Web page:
Advisors Serve in the Issuers' Best Interest; Underwriters Don't
Tax Exemption of
Municipal Bonds at Risk
On May 26, 2010 the Securities and Exchange
Commission (SEC) voted unanimously to change Rule 15c2-12 to expand
disclosure requirements. The new rules will become effective on December
1, 2010. In general, the changes include (i) expanding the rule to
include Variable Rate Demand Obligations, (ii) filing of event notices
within ten business days after the occurrence of the event, (iii)
expanding the types of events that must be disclosed by an event notice,
and (iv) requiring disclosure of events that may adversely affect a
bond's tax exemption, including IRS proposed and final determinations of
taxability. The rule presently provides that notice must be made only if
the event is "material."
The proposal would eliminate the need for a materiality determination
and require that the following events be disclosed in a notice: 1)
principal and interest payment delinquencies with respect to the
securities being offered; (2) unscheduled draws on debt service reserves
reflecting financial difficulties; (3) unscheduled draws on credit
enhancements reflecting financial difficulties; (4) substitution of
credit or liquidity providers, or their failure to perform; (5)
defeasances; and (6) rating changes. A materiality determination would
be retained for some events, including, (1) non-payment related
defaults; (2) modifications to rights of security holders; (3) bond
calls; and (4) the release, substitution, or sale of property securing
repayment of the securities. The amended rule specifically requires
disclosure of events that may adversely affect a bond’s tax exemption,
including issuance by the IRS of proposed and final decisions about
whether the bond can be taxed.
Rule G-37 of the Municipal Securities Rulemaking Board ("MSRB") may be changed to prohibit contributions for bond elections. Rule G-37 prohibits firms from engaging in a practice known as "pay-to-play" whereby broker dealers make political contributions to issuer officials in order to obtain municipal securities business. In 2005, at The Bond Market's Association's 10th Legal and Compliance Conference, Martha Mahan Haines, chief of the SEC's Office of Municipal Securities, suggested that contributions for bond referenda is a pay-to-play activity. Although Haines stressed that she was expressing her own personal view, she suggested that activities that circumvent rule G-37 could lead federal regulators to revisit the rule and consider whether it needs tightening.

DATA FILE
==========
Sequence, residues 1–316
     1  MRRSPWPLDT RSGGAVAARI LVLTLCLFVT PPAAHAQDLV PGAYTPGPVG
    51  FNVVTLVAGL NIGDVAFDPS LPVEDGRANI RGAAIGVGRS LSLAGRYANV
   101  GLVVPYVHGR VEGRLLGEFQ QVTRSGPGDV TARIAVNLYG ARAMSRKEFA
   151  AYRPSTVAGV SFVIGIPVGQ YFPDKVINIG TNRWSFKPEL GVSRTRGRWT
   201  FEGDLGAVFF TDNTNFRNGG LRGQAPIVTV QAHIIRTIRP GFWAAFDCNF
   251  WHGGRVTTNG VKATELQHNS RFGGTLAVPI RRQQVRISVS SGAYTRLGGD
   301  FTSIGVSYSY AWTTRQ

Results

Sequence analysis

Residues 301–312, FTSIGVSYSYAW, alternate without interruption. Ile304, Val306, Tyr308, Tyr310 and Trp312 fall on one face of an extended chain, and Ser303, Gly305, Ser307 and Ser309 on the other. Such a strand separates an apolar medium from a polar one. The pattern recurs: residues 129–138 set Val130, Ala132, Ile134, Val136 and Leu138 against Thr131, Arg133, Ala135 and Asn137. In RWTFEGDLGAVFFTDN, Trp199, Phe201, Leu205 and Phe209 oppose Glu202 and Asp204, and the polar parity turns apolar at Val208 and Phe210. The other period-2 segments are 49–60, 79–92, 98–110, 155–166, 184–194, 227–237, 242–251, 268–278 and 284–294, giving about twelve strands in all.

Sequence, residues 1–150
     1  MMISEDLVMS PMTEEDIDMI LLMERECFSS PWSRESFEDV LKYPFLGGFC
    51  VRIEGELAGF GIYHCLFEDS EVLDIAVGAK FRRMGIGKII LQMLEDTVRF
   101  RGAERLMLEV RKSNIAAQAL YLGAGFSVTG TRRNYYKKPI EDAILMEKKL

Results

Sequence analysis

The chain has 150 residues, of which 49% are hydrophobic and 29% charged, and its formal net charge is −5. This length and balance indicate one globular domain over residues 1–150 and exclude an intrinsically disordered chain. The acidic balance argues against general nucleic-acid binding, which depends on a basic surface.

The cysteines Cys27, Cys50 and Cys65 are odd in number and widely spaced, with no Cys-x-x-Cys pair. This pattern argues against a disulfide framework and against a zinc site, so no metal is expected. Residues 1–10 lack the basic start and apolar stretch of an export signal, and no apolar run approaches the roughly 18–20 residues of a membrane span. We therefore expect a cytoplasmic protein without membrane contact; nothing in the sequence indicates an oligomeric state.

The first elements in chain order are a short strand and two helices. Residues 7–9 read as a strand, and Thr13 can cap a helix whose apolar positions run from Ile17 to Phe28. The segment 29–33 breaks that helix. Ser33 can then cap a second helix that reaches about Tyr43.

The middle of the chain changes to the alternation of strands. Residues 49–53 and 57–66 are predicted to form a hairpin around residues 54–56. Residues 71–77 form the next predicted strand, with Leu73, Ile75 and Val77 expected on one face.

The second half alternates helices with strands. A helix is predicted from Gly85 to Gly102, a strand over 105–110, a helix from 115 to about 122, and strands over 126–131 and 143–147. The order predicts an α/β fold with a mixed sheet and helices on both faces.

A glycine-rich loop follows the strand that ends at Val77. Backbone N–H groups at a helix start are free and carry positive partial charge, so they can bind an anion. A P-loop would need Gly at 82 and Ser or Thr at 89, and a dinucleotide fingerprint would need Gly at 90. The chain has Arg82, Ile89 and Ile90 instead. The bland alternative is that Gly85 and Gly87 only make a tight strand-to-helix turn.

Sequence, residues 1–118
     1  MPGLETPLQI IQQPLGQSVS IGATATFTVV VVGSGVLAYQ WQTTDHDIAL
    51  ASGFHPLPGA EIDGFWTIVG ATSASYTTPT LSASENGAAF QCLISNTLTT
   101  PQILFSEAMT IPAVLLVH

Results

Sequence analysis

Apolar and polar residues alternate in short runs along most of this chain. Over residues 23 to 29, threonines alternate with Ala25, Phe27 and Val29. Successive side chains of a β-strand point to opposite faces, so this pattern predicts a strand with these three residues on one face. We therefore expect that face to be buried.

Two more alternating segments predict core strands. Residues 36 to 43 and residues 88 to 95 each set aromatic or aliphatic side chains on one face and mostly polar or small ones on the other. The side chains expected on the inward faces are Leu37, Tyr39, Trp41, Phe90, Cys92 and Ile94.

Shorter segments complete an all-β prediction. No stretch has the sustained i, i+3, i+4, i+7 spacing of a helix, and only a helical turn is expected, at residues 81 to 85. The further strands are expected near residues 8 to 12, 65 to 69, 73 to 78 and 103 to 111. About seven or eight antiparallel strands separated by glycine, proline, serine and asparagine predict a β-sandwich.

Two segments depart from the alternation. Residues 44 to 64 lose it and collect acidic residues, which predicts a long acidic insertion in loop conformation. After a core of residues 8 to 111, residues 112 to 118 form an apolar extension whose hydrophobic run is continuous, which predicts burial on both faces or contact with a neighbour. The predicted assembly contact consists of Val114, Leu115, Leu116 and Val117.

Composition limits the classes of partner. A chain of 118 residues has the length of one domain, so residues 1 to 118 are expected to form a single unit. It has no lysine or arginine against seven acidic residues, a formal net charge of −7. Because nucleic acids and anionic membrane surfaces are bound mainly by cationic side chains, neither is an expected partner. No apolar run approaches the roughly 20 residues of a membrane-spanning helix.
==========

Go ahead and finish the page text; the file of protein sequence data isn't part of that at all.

On January 7, 2009, The Bond Buyer reported that the MSRB is now reviewing rule G-37. The Bond Buyer's article followed the submission of a letter by executives from Citi, JP Morgan and Morgan Stanley suggesting that bond election contributions could cause an underwriter to be selected and that a level playing field is needed for all underwriters. [1/10/2009]
At its April 2009 meeting the MSRB choose
not to place a ban on contributions for bond referenda. The MSRB
press release indicated "The Board determined that, based on the
information it has been able to gather, there is not adequate evidence
to suggest that bond ballot campaign contributions have a negative
effect on the integrity of the municipal marketplace." In addition, the
MSRB indicated that it would continue to research any link between
"contributions and questionable practices." In view of the MSRB's
current push for additional regulatory powers, its reactive, rather than
proactive, position on this matter surprised and disappointed market
participants interviewed by The Bond Buyer.
Pay More for Negotiated Bond Sales
On January 3, 2006, Missouri State Auditor Claire McCaskill released a study comparing the cost of bonds sold through negotiation to bonds sold through competitive bidding. The study confirmed the findings of a 2001 study by Ms. McCaskill's office that negotiated bond sales cost more. The study demonstrated that during the one-year period ending May 31, 2005, the additional cost was $11.2 million for the 144 Missouri bonds sold by negotiated sale.
Among the other findings and recommendations in the study were the following:
87% of Missouri general obligation issues were sold through negotiation compared to a national average of 46%.
Without an independent financial advisor, issuers are not always well informed about bond issue options.
Taxpayers could avoid paying unnecessary interest costs if issuers sell general obligation bonds competitively and use independent financial advisors.
The study included a numerical analysis of 161 Missouri bond issues totaling $1.2 billion prepared by the University of Connecticut's Mark Robbins and William Simonsen. In an interview with Bloomberg, a leading global provider of data, news and analytics, Mr. Simonsen indicated that the failure to take bids cost Missouri issuers at least 19 basis points (0.19%) more a year.
Bloomberg Columnist States "Municipal
Bond Issuers Are Lazy"
Competitive vs. Negotiated Bond
States, Cities Shun Finance
Competition, Victimizing Taxpayers